I haven't referred to you or anyone else as "disgusting" for posting anything, let alone a reputable news source. What I do--once in a while--is provide Clinton's policy positions and voting record in response. They do not read them. They announce they will not read them, and they are not interested in them. And then you want to pretend this is disagreement about policy?

It is clear what you object to is that 10 percent of the site holds an opinion that you do not approve of, and now you insist we not express it in public. Rather than working so hard to keep us from expressing our views, use ignore. You need not subject yourself of the horror of dissenting thought.


This site has for years been inundated with one thread after another, invoking every RW source and meme under the sun to attack Clinton. We all know that is the way it is. But you are clearly put out that some 10-15 percent of this site dares to disagree. Rather than telling us we have no right to express our opinions, don't read them. No one forces you to.

It's incredible to me someone can post something like this with a straight face given the content of 90 percent of the posts about the primary on this site. I am tired of people who insist on stifling all dissent, who insist that anyone who dares to think in ways they don't approve of have no right to speak. I am tried of the absolute deference for Sanders and the refusal to discuss any policies, whether Sanders or Clinton. I am tired of reading posts after posts that say nothing of substance about any policy position but instead target other voters. If you care about policy, discuss it. This doesn't come close to that. .


Some days the news just doesn't go according to plan

MIC includes Lockheed-Martin

and Sanders continues to support the $800 million boondoggle that is the F-35. http://readersupportednews.org/opinion2/277-75/24583-bernie-sanders-doubles-down-on-f-35-support-days-after-runway-explosion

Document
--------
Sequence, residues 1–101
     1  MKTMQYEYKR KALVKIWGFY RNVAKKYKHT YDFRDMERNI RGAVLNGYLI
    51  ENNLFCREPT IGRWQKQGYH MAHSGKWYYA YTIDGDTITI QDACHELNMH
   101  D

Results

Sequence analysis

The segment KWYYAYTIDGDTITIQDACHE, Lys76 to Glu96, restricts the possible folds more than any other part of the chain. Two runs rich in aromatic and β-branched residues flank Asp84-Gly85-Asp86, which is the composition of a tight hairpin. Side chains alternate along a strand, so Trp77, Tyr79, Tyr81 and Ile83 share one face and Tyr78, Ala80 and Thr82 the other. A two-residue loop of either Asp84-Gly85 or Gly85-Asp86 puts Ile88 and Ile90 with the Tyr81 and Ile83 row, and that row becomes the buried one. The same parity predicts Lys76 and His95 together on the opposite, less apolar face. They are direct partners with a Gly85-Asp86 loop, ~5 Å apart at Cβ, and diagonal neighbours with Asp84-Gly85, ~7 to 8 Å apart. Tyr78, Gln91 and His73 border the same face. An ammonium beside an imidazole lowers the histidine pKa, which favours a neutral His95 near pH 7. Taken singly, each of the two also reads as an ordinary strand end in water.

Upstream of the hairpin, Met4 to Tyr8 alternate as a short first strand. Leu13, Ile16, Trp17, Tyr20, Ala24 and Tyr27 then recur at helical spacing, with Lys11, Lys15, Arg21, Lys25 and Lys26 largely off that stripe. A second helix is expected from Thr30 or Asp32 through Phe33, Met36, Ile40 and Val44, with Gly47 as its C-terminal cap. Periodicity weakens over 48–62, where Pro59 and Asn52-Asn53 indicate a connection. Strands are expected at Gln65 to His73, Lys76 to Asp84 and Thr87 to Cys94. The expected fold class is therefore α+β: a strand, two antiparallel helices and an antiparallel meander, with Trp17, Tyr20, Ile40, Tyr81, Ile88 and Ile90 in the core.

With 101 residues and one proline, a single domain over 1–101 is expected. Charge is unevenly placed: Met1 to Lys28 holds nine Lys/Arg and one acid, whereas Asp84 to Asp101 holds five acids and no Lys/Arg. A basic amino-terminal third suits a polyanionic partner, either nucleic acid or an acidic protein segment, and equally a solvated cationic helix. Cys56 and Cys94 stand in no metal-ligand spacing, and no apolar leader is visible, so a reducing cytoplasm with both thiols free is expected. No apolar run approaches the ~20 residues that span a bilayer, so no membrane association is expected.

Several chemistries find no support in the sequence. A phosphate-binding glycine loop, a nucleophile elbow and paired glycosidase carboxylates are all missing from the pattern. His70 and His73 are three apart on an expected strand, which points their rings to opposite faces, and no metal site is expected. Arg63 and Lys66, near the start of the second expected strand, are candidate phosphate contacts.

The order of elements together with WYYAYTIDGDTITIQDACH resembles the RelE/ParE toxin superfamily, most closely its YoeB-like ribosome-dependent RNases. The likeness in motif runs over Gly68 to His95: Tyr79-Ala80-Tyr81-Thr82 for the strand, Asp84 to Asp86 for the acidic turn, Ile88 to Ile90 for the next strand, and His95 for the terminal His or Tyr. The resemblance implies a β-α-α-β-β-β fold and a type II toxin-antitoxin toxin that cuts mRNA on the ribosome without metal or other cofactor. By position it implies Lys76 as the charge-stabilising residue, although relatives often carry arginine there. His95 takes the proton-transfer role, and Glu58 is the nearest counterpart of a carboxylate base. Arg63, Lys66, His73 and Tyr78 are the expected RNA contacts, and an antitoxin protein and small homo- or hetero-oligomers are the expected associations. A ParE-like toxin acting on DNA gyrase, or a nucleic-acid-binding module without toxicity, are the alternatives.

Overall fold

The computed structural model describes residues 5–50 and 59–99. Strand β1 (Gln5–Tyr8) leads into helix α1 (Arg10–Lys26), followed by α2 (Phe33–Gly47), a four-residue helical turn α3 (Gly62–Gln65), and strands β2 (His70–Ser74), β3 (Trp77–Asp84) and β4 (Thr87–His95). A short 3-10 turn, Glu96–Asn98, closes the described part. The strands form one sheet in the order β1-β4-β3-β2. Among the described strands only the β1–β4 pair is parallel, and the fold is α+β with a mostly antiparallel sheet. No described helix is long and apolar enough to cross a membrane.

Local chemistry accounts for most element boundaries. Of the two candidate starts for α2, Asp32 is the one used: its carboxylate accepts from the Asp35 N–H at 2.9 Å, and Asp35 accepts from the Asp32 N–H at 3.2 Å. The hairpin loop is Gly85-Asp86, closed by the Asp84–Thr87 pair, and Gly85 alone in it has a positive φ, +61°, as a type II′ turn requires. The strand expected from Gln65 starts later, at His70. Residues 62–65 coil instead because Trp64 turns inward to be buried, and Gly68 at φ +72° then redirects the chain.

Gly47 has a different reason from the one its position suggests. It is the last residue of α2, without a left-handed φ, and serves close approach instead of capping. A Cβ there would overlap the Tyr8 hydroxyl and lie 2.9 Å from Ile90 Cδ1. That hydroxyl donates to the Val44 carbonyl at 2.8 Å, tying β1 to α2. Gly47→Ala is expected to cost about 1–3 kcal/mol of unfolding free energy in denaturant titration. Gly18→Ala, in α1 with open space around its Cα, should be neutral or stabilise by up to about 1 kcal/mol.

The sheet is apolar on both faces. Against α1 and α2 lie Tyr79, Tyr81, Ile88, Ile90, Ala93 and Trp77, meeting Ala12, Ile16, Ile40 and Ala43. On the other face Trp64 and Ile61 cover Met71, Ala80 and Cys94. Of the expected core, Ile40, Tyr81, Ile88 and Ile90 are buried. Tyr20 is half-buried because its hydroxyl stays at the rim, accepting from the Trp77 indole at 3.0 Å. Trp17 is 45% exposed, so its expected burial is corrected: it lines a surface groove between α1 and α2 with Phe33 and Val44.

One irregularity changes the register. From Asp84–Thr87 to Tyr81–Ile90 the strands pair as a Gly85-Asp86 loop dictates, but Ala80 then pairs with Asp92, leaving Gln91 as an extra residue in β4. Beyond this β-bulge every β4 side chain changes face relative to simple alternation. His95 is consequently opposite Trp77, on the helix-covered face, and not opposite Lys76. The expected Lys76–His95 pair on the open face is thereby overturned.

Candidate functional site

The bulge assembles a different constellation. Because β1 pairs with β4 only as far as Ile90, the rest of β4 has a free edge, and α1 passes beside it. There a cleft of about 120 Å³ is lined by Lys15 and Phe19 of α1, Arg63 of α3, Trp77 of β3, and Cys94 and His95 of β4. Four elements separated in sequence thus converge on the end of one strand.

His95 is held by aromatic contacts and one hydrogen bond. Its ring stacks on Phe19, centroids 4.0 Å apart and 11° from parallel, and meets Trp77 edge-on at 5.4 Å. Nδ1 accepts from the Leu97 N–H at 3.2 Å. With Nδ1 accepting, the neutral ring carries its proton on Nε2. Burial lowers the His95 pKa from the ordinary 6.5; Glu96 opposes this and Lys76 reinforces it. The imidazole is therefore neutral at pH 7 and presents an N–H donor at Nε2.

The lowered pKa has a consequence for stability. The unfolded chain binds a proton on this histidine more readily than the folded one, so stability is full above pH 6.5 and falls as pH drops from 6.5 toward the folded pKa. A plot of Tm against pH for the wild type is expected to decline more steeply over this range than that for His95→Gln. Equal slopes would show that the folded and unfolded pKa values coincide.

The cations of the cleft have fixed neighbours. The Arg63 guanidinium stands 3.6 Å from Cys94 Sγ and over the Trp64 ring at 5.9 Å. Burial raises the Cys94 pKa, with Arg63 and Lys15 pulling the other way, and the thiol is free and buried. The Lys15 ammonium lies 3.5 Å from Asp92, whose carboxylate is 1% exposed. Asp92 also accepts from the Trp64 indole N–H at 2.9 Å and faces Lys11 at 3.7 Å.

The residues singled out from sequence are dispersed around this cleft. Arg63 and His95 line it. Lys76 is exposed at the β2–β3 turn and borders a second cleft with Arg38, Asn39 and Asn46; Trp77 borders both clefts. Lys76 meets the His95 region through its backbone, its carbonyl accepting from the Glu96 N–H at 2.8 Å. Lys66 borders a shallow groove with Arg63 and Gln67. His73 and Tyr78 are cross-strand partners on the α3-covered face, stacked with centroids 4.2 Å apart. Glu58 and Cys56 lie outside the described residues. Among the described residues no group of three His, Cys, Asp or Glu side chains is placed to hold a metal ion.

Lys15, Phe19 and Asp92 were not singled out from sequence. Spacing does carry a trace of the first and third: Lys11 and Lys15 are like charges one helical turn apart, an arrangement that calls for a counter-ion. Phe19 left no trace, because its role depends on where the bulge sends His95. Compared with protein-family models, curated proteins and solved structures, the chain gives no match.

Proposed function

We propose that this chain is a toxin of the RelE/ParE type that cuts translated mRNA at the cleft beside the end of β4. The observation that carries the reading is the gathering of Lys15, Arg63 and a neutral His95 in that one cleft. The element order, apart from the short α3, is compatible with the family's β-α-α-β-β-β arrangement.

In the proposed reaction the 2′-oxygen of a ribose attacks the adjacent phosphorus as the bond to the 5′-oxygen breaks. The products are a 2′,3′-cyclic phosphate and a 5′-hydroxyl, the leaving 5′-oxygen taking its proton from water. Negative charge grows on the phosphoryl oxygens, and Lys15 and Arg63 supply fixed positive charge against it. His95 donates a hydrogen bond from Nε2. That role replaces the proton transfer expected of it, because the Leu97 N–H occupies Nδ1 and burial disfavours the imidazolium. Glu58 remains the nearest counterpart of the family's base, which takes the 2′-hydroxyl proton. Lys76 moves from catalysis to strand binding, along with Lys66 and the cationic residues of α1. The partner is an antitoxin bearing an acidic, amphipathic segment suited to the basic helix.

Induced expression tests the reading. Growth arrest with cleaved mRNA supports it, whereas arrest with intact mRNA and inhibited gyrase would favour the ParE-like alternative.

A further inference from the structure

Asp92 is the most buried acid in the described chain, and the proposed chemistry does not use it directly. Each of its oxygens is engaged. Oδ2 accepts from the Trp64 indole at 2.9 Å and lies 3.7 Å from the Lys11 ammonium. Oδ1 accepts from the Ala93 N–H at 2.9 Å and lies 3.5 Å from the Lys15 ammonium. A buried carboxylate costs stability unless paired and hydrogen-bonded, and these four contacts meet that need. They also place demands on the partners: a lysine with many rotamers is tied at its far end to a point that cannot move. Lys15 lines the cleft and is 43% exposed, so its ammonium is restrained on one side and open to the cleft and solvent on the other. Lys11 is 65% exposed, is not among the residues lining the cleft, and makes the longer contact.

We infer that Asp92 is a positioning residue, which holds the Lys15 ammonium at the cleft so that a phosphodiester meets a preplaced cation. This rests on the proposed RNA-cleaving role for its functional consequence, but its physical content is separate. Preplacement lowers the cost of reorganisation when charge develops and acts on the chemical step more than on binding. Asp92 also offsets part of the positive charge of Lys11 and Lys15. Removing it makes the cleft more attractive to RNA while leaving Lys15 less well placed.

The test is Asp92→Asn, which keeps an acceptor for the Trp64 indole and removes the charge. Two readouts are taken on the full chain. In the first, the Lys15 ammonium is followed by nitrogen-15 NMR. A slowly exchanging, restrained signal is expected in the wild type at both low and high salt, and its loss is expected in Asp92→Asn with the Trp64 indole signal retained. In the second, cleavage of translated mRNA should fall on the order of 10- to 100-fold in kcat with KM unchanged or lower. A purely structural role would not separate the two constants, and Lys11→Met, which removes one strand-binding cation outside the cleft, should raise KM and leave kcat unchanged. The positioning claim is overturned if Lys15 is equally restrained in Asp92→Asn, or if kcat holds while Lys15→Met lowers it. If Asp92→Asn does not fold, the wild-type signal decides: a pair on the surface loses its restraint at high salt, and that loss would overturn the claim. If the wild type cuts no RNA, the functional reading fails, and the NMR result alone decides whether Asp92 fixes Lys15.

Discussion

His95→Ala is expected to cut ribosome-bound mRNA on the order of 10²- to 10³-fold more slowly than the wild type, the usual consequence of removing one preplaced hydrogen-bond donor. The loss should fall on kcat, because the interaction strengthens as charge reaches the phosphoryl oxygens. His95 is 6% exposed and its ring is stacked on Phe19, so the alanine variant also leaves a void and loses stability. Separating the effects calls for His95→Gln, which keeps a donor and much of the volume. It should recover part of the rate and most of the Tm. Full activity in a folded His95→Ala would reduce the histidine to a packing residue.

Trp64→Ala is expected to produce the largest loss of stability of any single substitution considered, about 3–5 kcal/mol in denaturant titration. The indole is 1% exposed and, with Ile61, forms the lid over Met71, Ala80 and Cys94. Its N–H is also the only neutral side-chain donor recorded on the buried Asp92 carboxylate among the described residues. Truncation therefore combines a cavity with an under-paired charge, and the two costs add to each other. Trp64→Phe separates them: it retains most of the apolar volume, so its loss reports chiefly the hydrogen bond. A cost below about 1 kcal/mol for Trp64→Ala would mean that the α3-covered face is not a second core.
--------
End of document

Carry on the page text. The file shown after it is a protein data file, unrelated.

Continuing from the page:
"Anyone taking corporate money." It is in fact illegal for candidates to take money from corporations. Citizens United ruled that corporations are allowed to spend their own money on candidates. It didn't authorize candidates to take "corporate money."
Holding: Political spending is a form of protected speech under the First Amendment, and the government may not keep corporations or unions from spending money to support or denounce individual candidates in elections. While corporations or unions may not give money directly to campaigns, they may seek to persuade the voting public through other means, including ads, especially where these ads were not broadcast. http://www.scotusblog.com/case-files/cases/citizens-united-v-federal-election-commission/
If you claim to care about issues, I would think you would bother to inform yourself about them.

It is factually false that Clinton is the candidate of Wall Street. As Paul Krugman noted, that money is going almost exclusively to the GOP.
For what it’s worth, Mrs. Clinton had the better case. Mr. Sanders has been focused on restoring Glass-Steagall, the rule that separated deposit-taking banks from riskier wheeling and dealing. And repealing Glass-Steagall was indeed a mistake. But it’s not what caused the financial crisis, which arose instead from “shadow banks” like Lehman Brothers, which don’t take deposits but can nonetheless wreak havoc when they fail. Mrs. Clinton has laid out a plan to rein in shadow banks; so far, Mr. Sanders hasn’t. . . .

Well, if Wall Street’s attitude and its political giving are any indication, financiers themselves believe that any Democrat, Mrs. Clinton very much included, would be serious about policing their industry’s excesses. And that’s why they’re doing all they can to elect a Republican.

To understand the politics of financial reform and regulation, we have to start by acknowledging that there was a time when Wall Street and Democrats got on just fine. Robert Rubin of Goldman Sachs became Bill Clinton’s most influential economic official; big banks had plenty of political access; and the industry by and large got what it wanted, including repeal of Glass-Steagall.